The Indigenous Social Work Degree (IBSW) was developed through an inter-tribal process to articulate social work education founded in Indigenous knowledge. This collective work was carried by First Nations colleges and post-secondary Institutes in Alberta through leadership of our community Elders (primarily Blackfoot and nêhiyawêwin speakers) and a working group called the Social Work Task Force. Development occurred over a twenty-year period from visioning to implementation in September 2016. Initiated by Marie Smallface-Marule at Red Crow Community College and then acted on through the efforts of many individuals over time, the Elders articulated a Declaration in 2002 which informs the curriculum of this unique degree.
The four-year program can be achieved through two routes, a Diploma of Social Work or a university transfer route, although only the Diploma of Social Work has been accepted for entry into the first offering of the IBSW degree (September 2016) and the work is in progress towards university transfer entry in the future which require transfer agreements among Indigenous Institutes.
Social Work Education as a Sovereign Statement
The delivery of this program is an act of sovereignty — to act on the conviction that Indigenous Post-Secondary Institutions have a responsibility for the education of Indigenous people and for the preservation of Indigenous knowledge and life-ways.
The Elders directed the working group to request an agreement with the Canadian Association for Social Work Education (CASWE) to affirm the Indigenous accreditation pathway that the IBSW has taken. Accreditation has been granted through the National Indigenous Accreditation Board (NIAB) and candidacy status was granted through World Indigenous Nations Higher Education Consortium (WINHEC) in 2008. In the same way that Canada (CASWE) has a mutual agreement with the United States accepting American degrees that have been accredited through their state and national processes, the Social Work Task Force asked for the same level of agreement between CASWE and NIAB for our Indigenous Social Work Degree.
We have been successful in this request.
The agreement in principle was signed May 29, 2016 while working towards a national celebration and formal agreement to be signed at the 2017 annual meeting of the Canadian Association for Social Work Education (see announcements at National Indigenous Accreditation Board, Accredited Members - NIAB and at http://caswe-acfts.ca/acswe-acfts-and-the-national-indigenous-accreditation-board-sign-an-agreement-in-principle/).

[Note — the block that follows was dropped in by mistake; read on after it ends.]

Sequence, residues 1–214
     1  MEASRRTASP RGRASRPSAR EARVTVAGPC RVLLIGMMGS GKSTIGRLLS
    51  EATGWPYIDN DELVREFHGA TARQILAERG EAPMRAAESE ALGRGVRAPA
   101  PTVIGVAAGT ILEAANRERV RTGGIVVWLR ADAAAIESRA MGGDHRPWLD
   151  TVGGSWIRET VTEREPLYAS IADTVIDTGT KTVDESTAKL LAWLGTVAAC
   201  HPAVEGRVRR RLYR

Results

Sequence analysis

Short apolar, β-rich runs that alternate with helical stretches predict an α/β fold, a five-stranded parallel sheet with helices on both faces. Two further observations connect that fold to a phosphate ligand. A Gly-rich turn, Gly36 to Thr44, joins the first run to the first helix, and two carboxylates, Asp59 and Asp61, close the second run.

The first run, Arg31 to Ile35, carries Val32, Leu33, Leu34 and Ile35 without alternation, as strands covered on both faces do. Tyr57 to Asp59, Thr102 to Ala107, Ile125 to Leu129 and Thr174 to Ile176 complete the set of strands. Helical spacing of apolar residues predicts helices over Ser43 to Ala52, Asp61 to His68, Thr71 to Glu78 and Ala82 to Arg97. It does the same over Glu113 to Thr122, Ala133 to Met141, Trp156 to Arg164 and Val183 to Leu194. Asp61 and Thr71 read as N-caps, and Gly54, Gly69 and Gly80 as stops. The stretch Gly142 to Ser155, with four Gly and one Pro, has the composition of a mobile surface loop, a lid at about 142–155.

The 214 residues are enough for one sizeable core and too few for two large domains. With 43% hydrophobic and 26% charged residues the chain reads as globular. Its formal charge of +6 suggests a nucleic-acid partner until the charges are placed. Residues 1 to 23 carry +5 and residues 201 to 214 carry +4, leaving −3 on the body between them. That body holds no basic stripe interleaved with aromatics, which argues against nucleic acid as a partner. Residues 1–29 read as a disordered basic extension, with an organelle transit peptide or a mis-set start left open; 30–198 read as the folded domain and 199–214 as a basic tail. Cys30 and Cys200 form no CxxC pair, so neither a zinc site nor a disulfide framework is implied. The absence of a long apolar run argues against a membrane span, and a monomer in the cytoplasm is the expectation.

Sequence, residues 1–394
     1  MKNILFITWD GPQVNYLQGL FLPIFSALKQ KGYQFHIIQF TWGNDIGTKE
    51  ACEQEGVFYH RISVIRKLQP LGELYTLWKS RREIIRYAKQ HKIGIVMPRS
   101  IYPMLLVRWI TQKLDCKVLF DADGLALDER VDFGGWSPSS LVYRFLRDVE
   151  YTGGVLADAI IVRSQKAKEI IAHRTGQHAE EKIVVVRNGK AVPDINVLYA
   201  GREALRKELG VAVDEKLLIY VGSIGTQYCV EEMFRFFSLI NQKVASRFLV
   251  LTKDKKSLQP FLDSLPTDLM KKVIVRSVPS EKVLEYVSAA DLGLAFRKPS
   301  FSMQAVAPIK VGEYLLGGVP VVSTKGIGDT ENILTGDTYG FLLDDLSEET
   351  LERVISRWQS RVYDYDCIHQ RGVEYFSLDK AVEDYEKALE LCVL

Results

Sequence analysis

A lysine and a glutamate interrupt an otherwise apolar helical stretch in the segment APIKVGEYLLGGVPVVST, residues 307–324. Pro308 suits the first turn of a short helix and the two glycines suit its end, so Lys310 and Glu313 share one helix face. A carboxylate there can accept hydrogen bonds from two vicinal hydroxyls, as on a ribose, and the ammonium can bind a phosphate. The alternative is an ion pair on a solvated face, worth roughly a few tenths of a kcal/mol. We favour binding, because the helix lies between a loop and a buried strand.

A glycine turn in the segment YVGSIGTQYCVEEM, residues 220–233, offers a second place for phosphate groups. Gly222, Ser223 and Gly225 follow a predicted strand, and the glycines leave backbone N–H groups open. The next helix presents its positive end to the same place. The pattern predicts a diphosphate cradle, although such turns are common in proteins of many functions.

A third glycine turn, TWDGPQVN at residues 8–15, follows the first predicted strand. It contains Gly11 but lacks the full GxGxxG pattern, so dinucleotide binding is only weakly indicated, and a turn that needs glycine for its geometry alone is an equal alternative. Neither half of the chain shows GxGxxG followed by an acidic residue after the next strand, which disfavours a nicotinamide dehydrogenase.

Andy Blackwater (Emminent Scholar), Roy WeaselFat (President of NIAB) and Dixon Sookray (President of CASWE) signing an historic agreement in principle (AIP) on May 29, 2016
What are the admission requirements?
Preference is given to students with Diploma of Social Work or equivalent credential from an Indigenous Institute (UnBQ or MCC). Social Work Diplomas from other Institutions are also eligible but will be reviewed to ensure that the Indigenous standards have been met. The nine approved Diploma programs in Alberta have evolved to meet these standards but earlier graduates may not have all the required course content as more recent graduates, and they may need to complete a learning requirement (such as review specific materials, research, attend ceremony) to address any curriculum gaps.
Where is the IBSW being Offered?
Delivery began in fall 2016 at University nuhelot’įne thaiyots’į nistameyimâkanak Blue Quill, situated near St. Paul, Alberta. Potential admission sites are Yellowhead Tribal College and Maskwacis Cultural College. UnBQ began a second delivery of the IBSW in September of 2019.
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